The Court continues to make vacating awards challenging. Most recently, in Hoskins v. Hoskins, the Court held that the Texas Arbitration Act sets out the exclusive grounds for vacating arbitration awards arising from agreements governed by that statute, and that common law vacatur grounds are no longer viable. — S.W.3d –, 2016 WL 2993929, at *7 (Tex. May 20, 2016). The Court also has continued to enforce arbitration clauses against parties attempting to avoid arbitration in these recent cases: Royston Rayzor v. Lopez, 467 S.W.3d 494, 499-506 (Tex. 2015), where the Court enforced an arbitration agreement in an attorney-client contract that excluded claims made by the firm for recovery of its fees and expenses; G.T. Leach v. Sapphire, 458 S.W.3d 502, 519-22 (Tex. 2015), where the Court determined that the arbitrator, not the Court, decides procedural arbitrability issues; and Richmont Holding v. Superior Recharge Sys., 455 S.W.3d 573, 574-76 (Tex. 2014), in which the Court determined that a party did not waive the arbitration clause despite taking several actions in the trial court, including filing a cross action, moving to transfer venue, engaging in minimal discovery and delaying moving for arbitration.
The Court has been reviewing statutes that impose procedural hurdles for plaintiffs in health care liability cases. It drew a line at injuries sustained in common areas in determining coverage by Chapter 74, the Texas Medical Liability Act (TMLA). Thus, the Court decided that a plaintiff suing a hospital for a slip and fall in an elevator lobby was not covered by the TMLA. Ross v. St. Lukes, 462 S.W.3d 496, 501-05 (Tex. 2015). The Court explained that there must be more of a relationship to health care than that the occurrence happened in a hospital. Id. at 504. The effect here was that the plaintiff was not required to obtain an expert report before filing suit. The fact patterns were similar in Reddic v. E. Tex. Med. Ctr. Reg’l Health Care, 474 S.W.3d 672 (Tex. 2015) and Galvan v. Mem’l Hermann Hosp. Sys., 476 S.W.3d 429 (Tex. 2015).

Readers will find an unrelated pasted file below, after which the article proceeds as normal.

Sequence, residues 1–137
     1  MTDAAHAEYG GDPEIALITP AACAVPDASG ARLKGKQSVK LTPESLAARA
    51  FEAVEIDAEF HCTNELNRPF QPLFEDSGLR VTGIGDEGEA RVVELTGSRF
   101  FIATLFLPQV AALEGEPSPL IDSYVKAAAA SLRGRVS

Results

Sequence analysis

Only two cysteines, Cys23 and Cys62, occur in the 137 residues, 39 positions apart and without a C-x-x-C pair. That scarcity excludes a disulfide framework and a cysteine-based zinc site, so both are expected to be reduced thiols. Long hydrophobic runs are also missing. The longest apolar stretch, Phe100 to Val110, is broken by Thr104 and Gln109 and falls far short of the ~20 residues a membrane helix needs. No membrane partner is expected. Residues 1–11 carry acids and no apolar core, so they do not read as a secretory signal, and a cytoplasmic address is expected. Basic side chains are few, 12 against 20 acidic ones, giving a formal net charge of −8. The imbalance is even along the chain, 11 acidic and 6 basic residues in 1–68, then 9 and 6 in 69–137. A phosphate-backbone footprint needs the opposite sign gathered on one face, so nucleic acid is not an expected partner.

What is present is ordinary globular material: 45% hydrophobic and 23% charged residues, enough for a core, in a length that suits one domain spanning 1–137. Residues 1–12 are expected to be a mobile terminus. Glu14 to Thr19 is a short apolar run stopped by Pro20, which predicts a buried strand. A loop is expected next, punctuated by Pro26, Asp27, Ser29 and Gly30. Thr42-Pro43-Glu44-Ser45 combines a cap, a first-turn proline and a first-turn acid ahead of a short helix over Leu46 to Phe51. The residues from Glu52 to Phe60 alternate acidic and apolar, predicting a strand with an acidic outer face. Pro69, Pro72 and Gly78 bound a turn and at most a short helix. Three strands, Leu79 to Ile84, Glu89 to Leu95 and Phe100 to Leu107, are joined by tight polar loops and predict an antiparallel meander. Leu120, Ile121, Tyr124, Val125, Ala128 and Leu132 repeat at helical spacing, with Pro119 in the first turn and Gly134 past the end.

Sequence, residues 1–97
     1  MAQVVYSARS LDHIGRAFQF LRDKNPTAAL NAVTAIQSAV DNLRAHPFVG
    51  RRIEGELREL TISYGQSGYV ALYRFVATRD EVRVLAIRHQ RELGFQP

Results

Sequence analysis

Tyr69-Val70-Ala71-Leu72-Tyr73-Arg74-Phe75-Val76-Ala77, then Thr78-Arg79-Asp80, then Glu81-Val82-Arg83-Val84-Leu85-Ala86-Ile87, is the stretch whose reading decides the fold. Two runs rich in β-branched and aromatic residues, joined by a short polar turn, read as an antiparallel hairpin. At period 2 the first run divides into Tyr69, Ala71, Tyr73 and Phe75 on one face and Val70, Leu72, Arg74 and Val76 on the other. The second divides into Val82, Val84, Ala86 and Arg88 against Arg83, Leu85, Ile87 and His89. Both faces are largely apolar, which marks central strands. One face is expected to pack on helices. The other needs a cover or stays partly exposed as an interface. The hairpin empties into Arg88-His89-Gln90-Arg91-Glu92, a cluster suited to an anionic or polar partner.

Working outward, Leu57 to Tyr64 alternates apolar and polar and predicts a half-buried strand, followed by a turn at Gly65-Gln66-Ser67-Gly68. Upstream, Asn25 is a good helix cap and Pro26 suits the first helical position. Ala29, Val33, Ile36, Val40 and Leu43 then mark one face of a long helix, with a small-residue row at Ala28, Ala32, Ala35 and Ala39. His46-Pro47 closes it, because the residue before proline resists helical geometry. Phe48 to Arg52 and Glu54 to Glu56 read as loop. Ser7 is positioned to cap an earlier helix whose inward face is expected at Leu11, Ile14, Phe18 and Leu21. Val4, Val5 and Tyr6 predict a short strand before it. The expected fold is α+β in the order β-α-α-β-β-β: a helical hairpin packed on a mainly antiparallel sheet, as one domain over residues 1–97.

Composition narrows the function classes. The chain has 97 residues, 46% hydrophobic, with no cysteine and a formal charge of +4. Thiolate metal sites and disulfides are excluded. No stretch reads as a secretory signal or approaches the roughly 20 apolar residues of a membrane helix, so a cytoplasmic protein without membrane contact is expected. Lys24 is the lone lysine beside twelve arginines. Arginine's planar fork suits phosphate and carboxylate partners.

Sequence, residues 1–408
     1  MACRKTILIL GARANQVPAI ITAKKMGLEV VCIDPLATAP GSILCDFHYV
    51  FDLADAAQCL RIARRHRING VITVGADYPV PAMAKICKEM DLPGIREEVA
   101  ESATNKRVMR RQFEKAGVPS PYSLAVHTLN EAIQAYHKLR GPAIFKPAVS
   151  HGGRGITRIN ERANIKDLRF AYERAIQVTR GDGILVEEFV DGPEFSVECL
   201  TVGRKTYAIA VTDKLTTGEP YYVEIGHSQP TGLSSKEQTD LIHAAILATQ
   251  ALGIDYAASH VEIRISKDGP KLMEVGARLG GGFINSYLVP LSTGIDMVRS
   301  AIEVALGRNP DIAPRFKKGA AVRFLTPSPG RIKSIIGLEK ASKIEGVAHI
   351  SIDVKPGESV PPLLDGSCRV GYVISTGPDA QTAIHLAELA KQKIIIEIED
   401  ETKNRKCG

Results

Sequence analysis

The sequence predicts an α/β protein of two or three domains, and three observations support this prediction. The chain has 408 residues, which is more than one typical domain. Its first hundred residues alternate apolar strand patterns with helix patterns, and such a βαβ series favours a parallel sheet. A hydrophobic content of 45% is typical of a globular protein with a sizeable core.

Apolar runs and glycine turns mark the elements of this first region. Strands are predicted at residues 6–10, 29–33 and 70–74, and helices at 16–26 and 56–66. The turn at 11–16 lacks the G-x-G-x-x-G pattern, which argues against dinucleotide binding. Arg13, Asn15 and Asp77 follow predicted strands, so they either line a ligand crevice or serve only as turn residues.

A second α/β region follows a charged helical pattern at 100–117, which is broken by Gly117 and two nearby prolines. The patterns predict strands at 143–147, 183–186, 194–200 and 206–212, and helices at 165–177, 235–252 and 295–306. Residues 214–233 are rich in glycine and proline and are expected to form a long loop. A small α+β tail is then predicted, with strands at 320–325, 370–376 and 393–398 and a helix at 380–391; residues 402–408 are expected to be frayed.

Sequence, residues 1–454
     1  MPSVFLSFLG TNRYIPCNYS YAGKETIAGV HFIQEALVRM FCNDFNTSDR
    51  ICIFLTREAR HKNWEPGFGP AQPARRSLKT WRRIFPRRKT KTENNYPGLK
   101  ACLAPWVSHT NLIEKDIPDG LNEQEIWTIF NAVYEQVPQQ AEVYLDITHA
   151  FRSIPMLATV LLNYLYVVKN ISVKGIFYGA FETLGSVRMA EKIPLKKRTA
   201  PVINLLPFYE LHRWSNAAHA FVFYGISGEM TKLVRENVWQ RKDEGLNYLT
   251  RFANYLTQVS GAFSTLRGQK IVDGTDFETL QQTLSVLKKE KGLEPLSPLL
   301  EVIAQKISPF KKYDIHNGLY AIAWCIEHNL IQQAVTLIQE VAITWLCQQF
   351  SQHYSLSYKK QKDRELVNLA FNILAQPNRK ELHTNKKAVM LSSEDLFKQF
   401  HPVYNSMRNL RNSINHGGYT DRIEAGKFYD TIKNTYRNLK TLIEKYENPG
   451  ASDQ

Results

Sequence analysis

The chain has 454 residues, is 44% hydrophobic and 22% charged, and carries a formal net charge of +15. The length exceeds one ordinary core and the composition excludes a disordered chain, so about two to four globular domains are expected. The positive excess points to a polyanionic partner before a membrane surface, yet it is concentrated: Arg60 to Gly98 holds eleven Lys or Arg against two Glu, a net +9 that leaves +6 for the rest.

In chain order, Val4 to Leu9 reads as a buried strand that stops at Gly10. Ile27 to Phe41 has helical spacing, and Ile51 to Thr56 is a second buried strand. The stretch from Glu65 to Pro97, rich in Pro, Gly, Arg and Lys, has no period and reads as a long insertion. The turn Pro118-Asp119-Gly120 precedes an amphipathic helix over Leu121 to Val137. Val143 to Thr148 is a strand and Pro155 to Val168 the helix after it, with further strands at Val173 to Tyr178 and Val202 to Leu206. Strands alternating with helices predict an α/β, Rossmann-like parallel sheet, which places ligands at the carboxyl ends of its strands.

More recently, the Court found that a claim for post mortem fraud was a health care liability claim. Christis Health Gulf Coast v. Carswell, — S.W.3d –, 2016 WL 2979718, at **4-6 (Tex. May 20, 2016). In this case, the effect of that determination was that a claim that the hospital began covering up deficient health care immediately following a patient’s death was barred by the act’s two-year statute of limitations provision. Id. at **7-8.
Understandably, the Court continues to decide multiple procedural cases. Two of the most talked-about cases by the appellate bar concern jury charges.
In one, the Court determined that objections to a spoliation instruction that were not asserted at the charge conference were preserved in a pretrial response to a motion for sanctions. Wackenhut v. Gutierrez, 453 S.W.3d 917, 919-20 (Tex. 2015). That case followed a decision in 2014 that determined that as long as the parties have a “reasonable time” to review and object to the charge, the trial court has authority to set a deadline for charge objections that falls before the reading of the charge to the jury. King Fisher Marine v. Tamez, 443 S.W.3d 838, 845 (Tex. 2014).
In another procedural issue of interest to appellate lawyers, the Court held that an award of disgorgement does not need to be superseded on appeal. In re Longview Energy Co., 464 S.W.3d 353, 361 (Tex. 2015). This means that a potentially enormous judgment could get appealed with no bond.
While courts generally avoid interfering with rulings by trial judges during the course of a trial, the Supreme Court granted mandamus relief after a trial judge refused to exclude a corporate representative from portions of a temporary injunction hearing at which trade secret testimony was presented. In re M-I L.L.C., — S.W.3d –, 2016 WL 2981342, at **3-8 (Tex. May 20, 2016).